Yukon River village shopping for new grocery store

By Alex DeMarban
Anchorage, Alaska (AP) June 2010

A Yukon River village is close to having its first grocery store in more than a year, a move that will help local residents who snowmachine over risky terrain or fly to nearby communities just to shop.

The two men behind Laav’kaq LLC, which means “store” in Yup’ik, said they brought the local tribe into the venture in hopes that profits can benefit everyone in the village of Nunam Iqua.

“I’m 37 years old and there’s no sense in making all that money,” said investor James Adams. “I think it’s more of a community opportunity here.”

The store will provide local jobs and the tribe can invest its share of earnings in new ventures or dividends to tribal members, said Adams, the tribe’s council president.

Adams came up with the store idea with George Owletuck, Adam’s step-brother and a village consultant originally from Marshall, an upriver community.

The company plans to buy groceries from Carr-Gottstein Foods at low rates, which they’ll pass on to customers, Owletuck said.

The last hurdle is inking a lease agreement for a building in the village. Options include the old store or the high school, Adams said.

Hopefully, that won’t take longer than 60 to 90 days, Oweltuck said.

The village corporation ran the former store. A working number for the corporation could not be found.

The store closed about 1 years ago, grabbing headlines last winter because its absence compounded woes in a village hard-hit by poor commercial fishing and crippling energy costs.

The city has operated a small “survival store,” as one resident called it, out of a city office.

But it’s not enough, Adams said.

“It’s your basic necessities - juice, tissues, coffee, a few canned foods, but that’s about it,” he said.

Adams said he and others in the village can survive off the land. In Yup’ik, Nunam Iqua means “end of the land,” because it sits near the animal-rich Bering Sea.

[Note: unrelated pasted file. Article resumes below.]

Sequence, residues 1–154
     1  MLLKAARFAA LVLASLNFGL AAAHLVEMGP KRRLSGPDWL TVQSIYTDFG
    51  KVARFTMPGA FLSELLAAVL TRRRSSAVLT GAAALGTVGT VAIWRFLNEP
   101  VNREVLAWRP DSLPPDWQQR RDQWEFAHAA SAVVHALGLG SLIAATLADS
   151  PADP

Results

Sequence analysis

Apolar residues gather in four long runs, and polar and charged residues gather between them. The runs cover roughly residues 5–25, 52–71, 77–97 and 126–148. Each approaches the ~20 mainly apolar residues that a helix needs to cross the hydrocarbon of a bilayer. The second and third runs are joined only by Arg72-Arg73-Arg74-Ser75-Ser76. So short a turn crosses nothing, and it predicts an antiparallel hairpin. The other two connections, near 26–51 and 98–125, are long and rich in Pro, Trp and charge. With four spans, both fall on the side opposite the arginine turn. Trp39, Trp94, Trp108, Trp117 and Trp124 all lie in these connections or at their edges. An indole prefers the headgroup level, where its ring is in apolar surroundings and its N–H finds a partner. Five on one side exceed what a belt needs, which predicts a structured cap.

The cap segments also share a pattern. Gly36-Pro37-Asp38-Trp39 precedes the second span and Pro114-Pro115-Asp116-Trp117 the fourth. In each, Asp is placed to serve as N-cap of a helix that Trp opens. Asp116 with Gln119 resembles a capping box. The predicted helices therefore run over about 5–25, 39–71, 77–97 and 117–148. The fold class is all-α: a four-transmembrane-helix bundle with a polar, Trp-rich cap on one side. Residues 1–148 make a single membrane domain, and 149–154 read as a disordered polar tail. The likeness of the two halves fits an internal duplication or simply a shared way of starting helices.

But children are becoming accustomed to groceries, making a store a necessity, Adams said.

At a recent meeting in the village of 200, residents said they supported the idea, he said.

Shopping trips to the nearest villages – Alakanuk is the closest neighbor at 13 miles away – can be dangerous.

To get groceries, travelers sometimes snowmachine over thin ice or boat across the lower Yukon with its shifting sandbars, Adams said.

Some residents mail-order what they can, or jump on commercial flights.

Either way, the extra expenses are another burden.

“If they can do it, that’d be awesome,” said Ann Strongheart regarding the store. “It would definitely cut down on gas and the danger of traveling by snowmachine.”

Strongheart, who has family in Nunam Iqua, lived in the village until last year and has blogged about life there.

Now residing in the Bristol Bay village of Ugashik, she’s still organizing food drives for the village in part because it has no store. Strongheart wrote of a shopping trip to Emmonak last winter with her now-deceased husband. They hired a sitter for their baby daughter, hauled a plywood sled and doubled up on a single snowmachine because gas prices were too high to take separate vehicles.

“When we got on the Yukon, my husband had to keep a close eye out for overflow,” she wrote, adding that it can leave deadly holes in the ice.

At Emmonak, the next closest village, the couple bought 34 items. Diapers cost the most, with 144 totaling $82.55. Six fruit cocktail cans went for $17.34, and a bag of generic Cheerios cost $6.99.

The 50-mile round trip exceeded $500 when Strongheart included the 12 gallons of gas, she wrote.

Once the Nunam Iqua store is in place, the men behind it said they’ll watch profit margins and cash flow carefully to make sure costs remain low while the tribe benefits.

“It’s a good deed for the people,” Adams said. “They need it. They really do.”